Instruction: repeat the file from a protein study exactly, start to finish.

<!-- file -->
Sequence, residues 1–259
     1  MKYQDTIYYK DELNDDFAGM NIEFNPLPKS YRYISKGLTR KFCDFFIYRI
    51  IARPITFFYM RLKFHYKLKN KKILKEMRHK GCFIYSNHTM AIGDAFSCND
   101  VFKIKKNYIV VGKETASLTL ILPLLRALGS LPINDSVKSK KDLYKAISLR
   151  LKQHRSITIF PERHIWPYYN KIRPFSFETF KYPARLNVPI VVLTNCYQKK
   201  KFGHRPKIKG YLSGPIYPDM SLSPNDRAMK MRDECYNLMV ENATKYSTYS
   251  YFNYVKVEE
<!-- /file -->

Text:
Sequence, residues 1–259
     1  MKYQDTIYYK DELNDDFAGM NIEFNPLPKS YRYISKGLTR KFCDFFIYRI
    51  IARPITFFYM RLKFHYKLKN KKILKEMRHK GCFIYSNHTM AIGDAFSCND
   101  VFKIKKNYIV VGKETASLTL ILPLLRALGS LPINDSVKSK KDLYKAISLR
   151  LKQHRSITIF PERHIWPYYN KIRPFSFETF KYPARLNVPI VVLTNCYQKK
   201  KFGHRPKIKG YLSGPIYPDM SLSPNDRAMK MRDECYNLMV ENATKYSTYS
   251  YFNYVKVEE